CONSTRUCTION ACCIDENTS AND NEW YORK’S “LABOR LAW”

| Nov 19, 2020 | Firm News |

The challenges of getting justice for badly injured construction workers in a complicated field of law.  

Devastating injury and death are common at New York Construction sites. Heights, heavy machinery, heavy materials and pressure to get things done  “now” take an awful toll on New York tradesmen and laborers. The result is  well paid careers cut short by injury and disability or even death.

Creedon & Gill attorneys  are uniquely qualified to handle difficult Labor Law cases. We have recovered millions for our client’s injured in construction accidents. We frequently teaching other attorneys about the  Labor Law. and have experiences like being lead counsel in an eight defendant matter  involving a worker paralyzed by  a fourth story fall or as attorneys for the lead Plaintiff among fourteen union tradesmen injured in an elevator disaster.

WHAT THE LABOR LAWS SAY​​​

There are three different laws that typically come into play in a construction accident case, and that does not count how Workers Compensation figures into the equation.

New York Labor Law Section 240(1) is sometimes called the  “Scaffold Law” or “Ladder Law”. It is unique because it  requires a finding of “strict liability” against Owners and General contractors in most situations where a construction worker is injured by a fall or struck by a falling object. Under the Scaffold Law, whether or not a worker had some role in causing his own accident is not taken into consideration. There is no such thing as “contributory negligence” in a case like this.

Section 240(1) of the Labor Law states:

All contractors and owners and their agents, except owners of one and two-family dwellings who contract for but do not direct or control the work, in the erection, demolition, repairing, altering, painting, cleaning or pointing of a building or structure shall furnish or erect, or cause to be furnished or erected for the performance of such labor, scaffolding, hoists, stays, ladders, slings, hangers, blocks, pulleys, braces, irons, ropes, and other devices which shall be so constructed, placed and operated as to give proper protection to a person so employed.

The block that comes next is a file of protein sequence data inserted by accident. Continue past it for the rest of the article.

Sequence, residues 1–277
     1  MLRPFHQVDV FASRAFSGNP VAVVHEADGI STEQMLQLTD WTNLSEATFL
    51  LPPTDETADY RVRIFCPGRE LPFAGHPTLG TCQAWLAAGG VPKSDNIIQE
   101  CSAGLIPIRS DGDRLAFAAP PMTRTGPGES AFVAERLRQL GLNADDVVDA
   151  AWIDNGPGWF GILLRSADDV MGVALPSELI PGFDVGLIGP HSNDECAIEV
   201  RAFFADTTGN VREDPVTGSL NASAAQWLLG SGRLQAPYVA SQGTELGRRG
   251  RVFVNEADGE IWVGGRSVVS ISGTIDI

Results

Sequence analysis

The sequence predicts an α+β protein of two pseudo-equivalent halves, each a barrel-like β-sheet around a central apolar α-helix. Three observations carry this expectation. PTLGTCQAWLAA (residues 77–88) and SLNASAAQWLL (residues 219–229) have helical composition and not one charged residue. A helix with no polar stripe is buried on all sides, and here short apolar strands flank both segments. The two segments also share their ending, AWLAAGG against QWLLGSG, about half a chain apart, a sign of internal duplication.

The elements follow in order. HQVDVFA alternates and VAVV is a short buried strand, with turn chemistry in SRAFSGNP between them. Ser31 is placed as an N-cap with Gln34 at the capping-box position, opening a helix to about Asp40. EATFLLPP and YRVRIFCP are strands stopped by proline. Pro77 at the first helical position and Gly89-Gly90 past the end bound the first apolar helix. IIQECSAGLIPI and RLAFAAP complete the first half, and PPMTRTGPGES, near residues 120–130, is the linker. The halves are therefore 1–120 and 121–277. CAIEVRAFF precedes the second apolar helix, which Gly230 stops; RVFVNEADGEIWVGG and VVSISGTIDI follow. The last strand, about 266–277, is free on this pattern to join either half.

According to New  York Courts “Section 240 is intended to place the ultimate responsibility for building practices on the owner and general contractor in order to protect the workers who are required to be there but who are scarcely in a position to protect themselves from accidents,”

The Court’s say that this law is “to be liberally construed to achieve this purpose”, and that the law “impos(es) a non-delegable duty upon owners and general contractors to provide safety devices to protect workers from elevation-related risks, with liability attaching where violation of that duty proximately causes injuries.”

Two other Labor Law Sections apply to many other  construction site accidents.

New York Labor Law Section 241(6) “implements” – that is it gives legal life – to  New York’s Industrial Code. The Industrial Code describes  detailed and specific ways in which construction and demolition activities have to be conducted in New York; everything from how strong a cover over a hole in a floor has to be, to what kind of sling is necessary in a hoisting operation to  how often on going inspections have to be made in demolition work and even ensuring that the floor is kept clean of tripping hazards. Very often a worker is injured because a particular section of the Industrial Code has been violated. Some – but not all – of the Industrial Code sections are “specific” enough to cast Owners and General Contractors into damages. It requires a good attorney to know not only which is which, but how to prove the cause of an accident was because of the violation of a particular Industrial Code.